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Apollo 11 rocket engine recovery confirmed

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July 20, 2013

Serial numbers on engine recovered from the Atlantic

Serial numbers on engine recovered from the Atlantic

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A lost bit of the Moon landing era isn't lost anymore. Amazon.com founder Jeff Bezos announced on Friday that one of the F-1 rocket engines found by his deep-sea expedition was indeed part of the Apollo 11 Saturn V rocket that sent the first astronauts to land on the Moon in 1969. A conservator at the Kansas Cosmosphere and Space Center in Hutchinson, Kansas, where the engine was being restored, was removing corrosion from the engine when he discovered evidence confirming the significant find.

Last March, Bezos Expeditions carried out a remarkable feat of industrial archaeology when it used underwater remote operated vehicles to recover F-1 rocket engines from the floor of the Atlantic Ocean. Brought from a depth of over 14,000 feet (4,200 m), these engines used on the first stage of the Saturn V were and remain the most powerful single-chamber liquid-fueled rocket engines ever developed.

According to Bezos, writing on the organizations website, enough components were recovered to create displays of two F-1 engines. These were comprised of back thrust chambers, gas generators, injectors, heat exchangers, turbines, fuel manifolds and other artifacts.

Serial number on engine picked out in UV light

Not surprisingly, they were in a pretty bad shape after being subjected to incredible temperatures during their few minutes of operation, dropping from the edge of space into the ocean, and then spending over four decades in salt water. Because of the combination of metal alloys involved in their construction, conservation is a difficult process, but the benefit is not only the preservation of priceless reminders of the Space Age, but also the opportunity of finding out which missions the engines came from.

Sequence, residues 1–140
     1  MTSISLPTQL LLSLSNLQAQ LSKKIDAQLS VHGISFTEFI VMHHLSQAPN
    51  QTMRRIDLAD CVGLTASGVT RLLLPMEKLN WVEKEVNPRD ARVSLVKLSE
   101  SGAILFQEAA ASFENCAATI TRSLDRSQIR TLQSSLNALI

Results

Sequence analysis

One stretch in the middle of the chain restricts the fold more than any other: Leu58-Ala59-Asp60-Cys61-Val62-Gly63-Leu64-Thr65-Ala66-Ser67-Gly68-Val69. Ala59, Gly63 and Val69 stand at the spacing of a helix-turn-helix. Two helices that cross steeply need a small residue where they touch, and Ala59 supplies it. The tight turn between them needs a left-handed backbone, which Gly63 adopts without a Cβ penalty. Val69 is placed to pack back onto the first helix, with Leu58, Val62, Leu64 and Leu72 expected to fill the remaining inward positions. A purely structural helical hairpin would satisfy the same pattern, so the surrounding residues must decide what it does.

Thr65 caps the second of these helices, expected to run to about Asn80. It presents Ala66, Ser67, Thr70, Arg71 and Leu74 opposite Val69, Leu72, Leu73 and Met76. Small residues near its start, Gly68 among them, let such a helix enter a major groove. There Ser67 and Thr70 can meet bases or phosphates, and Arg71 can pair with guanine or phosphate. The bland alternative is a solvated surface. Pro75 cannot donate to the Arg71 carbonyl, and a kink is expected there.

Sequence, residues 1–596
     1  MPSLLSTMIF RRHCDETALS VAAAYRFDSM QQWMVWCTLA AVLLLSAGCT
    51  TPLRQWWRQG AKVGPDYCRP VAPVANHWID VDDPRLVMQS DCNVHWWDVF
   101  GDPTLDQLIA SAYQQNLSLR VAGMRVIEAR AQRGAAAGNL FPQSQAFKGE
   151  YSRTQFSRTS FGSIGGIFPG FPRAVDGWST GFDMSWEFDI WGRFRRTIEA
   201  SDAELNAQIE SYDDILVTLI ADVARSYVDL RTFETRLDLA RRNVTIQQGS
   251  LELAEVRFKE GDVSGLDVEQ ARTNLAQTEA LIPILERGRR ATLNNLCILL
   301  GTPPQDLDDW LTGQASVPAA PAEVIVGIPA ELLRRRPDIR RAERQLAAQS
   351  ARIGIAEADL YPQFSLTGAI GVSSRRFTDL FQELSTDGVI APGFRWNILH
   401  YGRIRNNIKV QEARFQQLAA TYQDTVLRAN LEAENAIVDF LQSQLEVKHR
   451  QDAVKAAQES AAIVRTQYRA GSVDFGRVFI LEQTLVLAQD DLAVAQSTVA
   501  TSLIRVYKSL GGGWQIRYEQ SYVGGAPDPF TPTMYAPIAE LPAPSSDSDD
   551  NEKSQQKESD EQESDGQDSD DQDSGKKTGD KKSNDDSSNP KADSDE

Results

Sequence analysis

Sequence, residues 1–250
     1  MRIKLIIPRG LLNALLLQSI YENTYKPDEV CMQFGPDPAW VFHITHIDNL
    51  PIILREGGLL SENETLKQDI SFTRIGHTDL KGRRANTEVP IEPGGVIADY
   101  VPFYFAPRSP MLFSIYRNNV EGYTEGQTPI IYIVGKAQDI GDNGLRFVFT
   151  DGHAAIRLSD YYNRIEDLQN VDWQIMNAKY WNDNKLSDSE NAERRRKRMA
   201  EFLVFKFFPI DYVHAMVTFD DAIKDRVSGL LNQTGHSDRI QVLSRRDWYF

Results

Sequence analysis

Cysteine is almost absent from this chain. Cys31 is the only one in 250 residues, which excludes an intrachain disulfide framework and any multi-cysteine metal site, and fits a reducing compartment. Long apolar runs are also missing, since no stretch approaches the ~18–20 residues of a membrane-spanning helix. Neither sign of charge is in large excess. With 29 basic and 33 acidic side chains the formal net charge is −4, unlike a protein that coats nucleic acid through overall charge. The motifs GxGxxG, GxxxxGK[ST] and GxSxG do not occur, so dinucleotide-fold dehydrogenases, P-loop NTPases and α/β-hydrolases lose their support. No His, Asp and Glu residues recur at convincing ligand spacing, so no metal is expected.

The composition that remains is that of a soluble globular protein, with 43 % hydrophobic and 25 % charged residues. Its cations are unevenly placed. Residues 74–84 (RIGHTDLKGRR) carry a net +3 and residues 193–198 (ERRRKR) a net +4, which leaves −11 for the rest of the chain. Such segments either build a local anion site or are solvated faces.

The confirmation came when one of the conservators using a black light with a special lens filter found the numbers “2044” stenciled on one of the thrust chambers. Further work and removal of corrosion found “Unit No 2044” stamped on the base of the same chamber. 2044 is the Rocketdyne serial number, which corresponds to NASA number 6044. Long story short, that is the number for F-1 Engine #5 from Apollo 11.

In Friday’s announcement, Bezos praised the conservators saying, “Conservation is painstaking work that requires remarkable levels of patience and attention to detail, and these guys have both.”

Source: Bezos Expeditions

About the Author
David Szondy David Szondy is a freelance writer based in Monroe, Washington. An award-winning playwright, he has contributed to Charged and iQ magazine and is the author of the website Tales of Future Past.   All articles by David Szondy
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4 Comments

Unfortunately there is nothing here that will convince a conspiracy nut that Apollo 11 went to the moon. Taking them to the moon and showing them the landing sight would not convince them.

Slowburn
21st July, 2013 @ 10:53 pm PDT

That engine was intended for near-earth orbit only. It wasn't necessary for the space capsule to be lined with very thick lead walls because NASA cannot risk their astronauts to vomit and die past the highly-energized radiation belt. Thus, the F1 engine hadn't been powerful enough to safely land the astronauts to the moon ;) Aside from legendary Iron Man, none has yet devised a lightweight radiation shield material better than that of lead.

Julius Siador
22nd July, 2013 @ 08:26 am PDT

Was #5 the center engine of the first stage?

Gregg Eshelman
22nd July, 2013 @ 06:29 pm PDT

re; Julius Siador

How long do you have to be in the Van Allen belts to receive a lethal dose?

Slowburn
23rd July, 2013 @ 07:25 pm PDT
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